Horne v. Department of Agriculture

Summarized by:

  • Court: United States Supreme Court
  • Area(s) of Law: Constitutional Law
  • Date Filed: June 10, 2013
  • Case #: 12-123
  • Judge(s)/Court Below: Thomas, J., delivered the opinion for a unanimous Court.
  • Full Text Opinion

A fine for a violation of an agricultural marketing order must not be paid prior to filing a “takings” claim.

The Agricultural Marketing Agreement Act of 1937 (AMAA) permits the Secretary of Agriculture to regulate production and supply the agricultural industry. The Raisin Marketing Order (RMO) of 1949 created a term called reserve-tonnage, meaning an annual portion of individual raisin crops are required to be given to the government. Orders given by the Secretary only apply to “handlers,” or people who process and package agricultural products for distribution. Civil and criminal penalties can result from refusing to comply with these orders.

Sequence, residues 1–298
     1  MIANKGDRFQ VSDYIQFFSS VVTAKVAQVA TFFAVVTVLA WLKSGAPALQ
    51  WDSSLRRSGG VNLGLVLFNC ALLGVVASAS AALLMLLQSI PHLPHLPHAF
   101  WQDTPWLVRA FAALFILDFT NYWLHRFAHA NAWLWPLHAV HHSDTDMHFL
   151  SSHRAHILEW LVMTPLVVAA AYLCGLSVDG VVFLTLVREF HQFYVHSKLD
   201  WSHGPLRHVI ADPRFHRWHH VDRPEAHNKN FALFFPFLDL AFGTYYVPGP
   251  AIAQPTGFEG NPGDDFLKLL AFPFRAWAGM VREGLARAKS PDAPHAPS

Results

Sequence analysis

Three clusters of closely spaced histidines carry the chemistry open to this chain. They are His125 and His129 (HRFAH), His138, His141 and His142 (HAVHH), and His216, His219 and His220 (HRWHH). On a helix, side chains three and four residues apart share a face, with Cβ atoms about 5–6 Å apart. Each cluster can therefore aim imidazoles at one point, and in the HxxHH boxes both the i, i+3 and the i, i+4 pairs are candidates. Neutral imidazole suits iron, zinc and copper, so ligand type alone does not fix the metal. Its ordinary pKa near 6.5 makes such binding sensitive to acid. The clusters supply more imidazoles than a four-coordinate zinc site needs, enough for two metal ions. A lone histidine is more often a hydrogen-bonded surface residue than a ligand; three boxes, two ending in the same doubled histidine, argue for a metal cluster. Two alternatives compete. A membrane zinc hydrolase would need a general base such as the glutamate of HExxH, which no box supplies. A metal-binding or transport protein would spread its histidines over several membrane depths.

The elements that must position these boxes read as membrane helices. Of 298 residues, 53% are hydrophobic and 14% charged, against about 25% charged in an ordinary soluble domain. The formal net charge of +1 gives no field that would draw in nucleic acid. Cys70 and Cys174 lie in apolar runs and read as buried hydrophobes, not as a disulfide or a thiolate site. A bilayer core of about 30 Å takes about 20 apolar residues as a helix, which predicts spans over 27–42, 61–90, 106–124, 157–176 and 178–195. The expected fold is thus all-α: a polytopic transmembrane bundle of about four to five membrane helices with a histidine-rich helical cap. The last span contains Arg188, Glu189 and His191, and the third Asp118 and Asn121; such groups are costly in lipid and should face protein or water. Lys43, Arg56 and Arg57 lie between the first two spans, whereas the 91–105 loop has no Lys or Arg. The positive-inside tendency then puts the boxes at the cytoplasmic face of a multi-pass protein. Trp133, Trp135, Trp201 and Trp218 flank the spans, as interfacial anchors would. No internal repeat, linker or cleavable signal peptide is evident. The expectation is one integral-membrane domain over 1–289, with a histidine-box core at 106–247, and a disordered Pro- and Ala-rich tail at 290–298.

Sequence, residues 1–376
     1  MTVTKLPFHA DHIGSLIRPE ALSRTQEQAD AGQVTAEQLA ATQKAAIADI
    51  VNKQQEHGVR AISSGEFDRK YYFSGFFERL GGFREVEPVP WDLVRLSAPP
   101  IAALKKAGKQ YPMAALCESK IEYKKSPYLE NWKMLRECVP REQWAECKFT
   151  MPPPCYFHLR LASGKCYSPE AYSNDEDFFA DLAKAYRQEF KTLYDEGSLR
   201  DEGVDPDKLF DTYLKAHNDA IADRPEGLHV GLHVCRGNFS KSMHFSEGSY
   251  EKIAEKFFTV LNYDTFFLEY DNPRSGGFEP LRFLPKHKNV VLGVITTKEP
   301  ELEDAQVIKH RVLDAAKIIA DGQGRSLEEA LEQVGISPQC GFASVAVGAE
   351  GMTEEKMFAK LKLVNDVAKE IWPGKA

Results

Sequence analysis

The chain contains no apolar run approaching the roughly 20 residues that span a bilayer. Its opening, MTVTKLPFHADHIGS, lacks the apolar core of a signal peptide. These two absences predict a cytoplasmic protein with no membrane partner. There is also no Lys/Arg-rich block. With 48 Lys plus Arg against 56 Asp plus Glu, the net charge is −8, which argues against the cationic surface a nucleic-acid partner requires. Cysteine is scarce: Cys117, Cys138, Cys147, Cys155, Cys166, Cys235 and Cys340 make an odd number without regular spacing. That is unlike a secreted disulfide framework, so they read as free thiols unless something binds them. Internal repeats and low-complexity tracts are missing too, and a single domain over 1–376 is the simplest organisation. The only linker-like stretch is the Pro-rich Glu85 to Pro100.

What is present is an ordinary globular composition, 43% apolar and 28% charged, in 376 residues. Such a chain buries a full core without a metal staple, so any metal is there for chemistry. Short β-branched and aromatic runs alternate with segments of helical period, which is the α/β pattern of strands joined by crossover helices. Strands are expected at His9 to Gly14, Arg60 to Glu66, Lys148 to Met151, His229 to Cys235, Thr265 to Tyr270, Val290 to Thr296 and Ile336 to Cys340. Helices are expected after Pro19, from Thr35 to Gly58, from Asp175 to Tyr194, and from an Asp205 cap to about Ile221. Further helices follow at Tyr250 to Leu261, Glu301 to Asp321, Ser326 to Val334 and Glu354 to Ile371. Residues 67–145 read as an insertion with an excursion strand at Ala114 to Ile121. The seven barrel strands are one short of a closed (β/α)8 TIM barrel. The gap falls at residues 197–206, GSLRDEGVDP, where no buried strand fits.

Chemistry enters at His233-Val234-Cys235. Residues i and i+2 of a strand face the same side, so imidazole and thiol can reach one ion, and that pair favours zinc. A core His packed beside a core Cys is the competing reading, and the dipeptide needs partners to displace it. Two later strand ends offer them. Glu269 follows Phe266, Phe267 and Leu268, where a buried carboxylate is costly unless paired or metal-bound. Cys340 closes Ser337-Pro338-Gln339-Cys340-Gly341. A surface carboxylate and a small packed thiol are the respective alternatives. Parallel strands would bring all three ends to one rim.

Petitioner, a California raisin farmer, implemented a production system that involved selling raisins without using handlers so as to avoid repercussions under the AMAA. Respondent filed an action against the Petitioner to enforce compliance with the order of reserve-tonnage payment under the RMO. An Administrative Law Judge ruled against Petitioners, finding that they should be subject to the order prescribed by the AMAA. Petitioners filed a suit in district court, and the court granted summary judgment for Respondent.

The United States Court of Appeals for the Ninth Circuit affirmed the district court's ruling but held that it did not have jurisdiction to rule on Petitioner's Fifth Amendment claim under the Takings Clause. The Supreme Court reversed, remanded and held that that the Court of Appeals does have jurisdiction to determine a Takings Clause question as to whether the imposition of civil and criminal fines and penalties violated the Fifth Amendment. Further, a fine for a violation of an agricultural marketing order must not be paid prior to filing a “takings” claim.

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